THE second edition of Acts and Monuments removed some content and errors, besides introducing new material. It now included martyrs of the apostolic and Early Church (St Alban, for example), more about Continental Europe, and argued that the corruption of the English Church could be dated from St Augustine's mission in 597. The new version was thoroughly proofread and cross-referenced.

This edition, too, was well received. The Upper House of the Convocation of Canterbury in 1571 ordered that a copy of Acts and Monuments be installed in every cathedral. Furthermore, church officials were to have copies in their homes, for the benefit of servants and visitors.

The third edition (1576) was essentially a reprint of the second; the fourth (1583) was the largest of the versions which appeared in Foxe's lifetime, and probably the most demanding book, technically, in the first 300 years in British printing.

By the late 16th century, Mary Tudor's reign came to be seen as the starting point of the joint struggle against Roman Catholicism and Spain. Acts and Monuments may be said to have initiated the link in public consciousness between brutal religious persecution by Roman Catholicism with foreign intervention.

Mary's early death and the long reign of Elizabeth (1558-1603) led many in England to see themselves as the new Israel, a chosen people especially elected to serve as a holy nation before the world, and to resist foreign intervention. It was the destiny of England, under God, and protected by him, to spread the good news throughout the British Isles and beyond. This, in turn, proved a significant impetus for colonisation.

It is also argued that Foxe's martyrs could stand for Everyman, hitting home with memorable anecdotes. For example, he told the story of Katherine Cawches, a "poor widow", burnt together with her two daughters, one of whom was heavily pregnant. While being burnt alive the baby allegedly burst forth from its mother into the crowd, but was tossed back into the fire by order of the bailiff.

FOXE died in 1587, but the work continued to be available in a variety of forms, including periodic updates. Such have been classed as "Foxe's bastards" and it was their popularity that, arguably, made the greatest single influence on some forms of Protestant thinking (other than the Bible) well into the 20th century.

It substantiated and and perpetuated anti-Catholicism, anti-popery, distrust of foreigners, and the celebration of Englishness, and being favoured by God.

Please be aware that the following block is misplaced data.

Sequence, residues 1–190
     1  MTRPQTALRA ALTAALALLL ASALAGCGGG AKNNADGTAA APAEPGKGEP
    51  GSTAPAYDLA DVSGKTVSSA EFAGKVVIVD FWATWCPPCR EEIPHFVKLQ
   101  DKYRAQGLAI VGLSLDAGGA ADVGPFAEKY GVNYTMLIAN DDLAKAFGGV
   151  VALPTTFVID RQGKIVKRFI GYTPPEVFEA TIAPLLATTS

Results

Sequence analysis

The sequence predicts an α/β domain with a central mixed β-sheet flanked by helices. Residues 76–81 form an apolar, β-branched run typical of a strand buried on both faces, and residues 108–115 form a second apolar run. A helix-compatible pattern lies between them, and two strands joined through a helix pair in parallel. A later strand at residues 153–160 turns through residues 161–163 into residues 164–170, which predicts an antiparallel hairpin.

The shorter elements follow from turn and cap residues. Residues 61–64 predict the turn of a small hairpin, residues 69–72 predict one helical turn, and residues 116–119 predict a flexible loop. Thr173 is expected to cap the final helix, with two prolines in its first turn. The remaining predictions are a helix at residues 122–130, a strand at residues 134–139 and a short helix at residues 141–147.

Acts and Monuments became part of the national cultural stock. It was transmitted by opinion-formers and celebrated in drama and print. It was never the author's intention that Foxe's Book of Martyrs should become a manifesto of Protestant nationalism.

Nevertheless, it took on a contemporary resonance in the 1630s with what, for many, was the persecution of the faithful under the Archbishop of Canterbury, William Laud. Similarly, it was eagerly sought out by those in Cromwell's New Model Army, and provided solace for Bunyan while he was imprisoned.

In the late 17th and early 18th century, pulp versions, tracts, and ballads appeared. The illustrated accounts also appealed to some because of their accounts of judicial torture, and their macabre, sexual nature. One Smithfield printer made it available in weekly instalments.

During the 19th century, five unabridged editions appeared, together with the near continuous reissue of shorter versions, often as Sunday-school prizes. This was partly as a means to counter increasing toleration of Roman Catholicism, and partly to strengthen Evangelical opposition to High Anglicanism.

The Protestant Truth Society published Foxe's work to counter "Romanism" until at least the 1950s. Foxe's work and reputation suffered, however, within the academic community until the mid-20th century. Since then, it has become more highly regarded, and the British Academy produced a new, definitive edition of Acts and Monuments, based on a textual reconstruction of the four editions published in Foxe's lifetime.

Dr Peter Street is a lecturer in religious studies and history at the Open University. The Acts and Monuments Online (TAMO) is available at www.johnfoxe.org.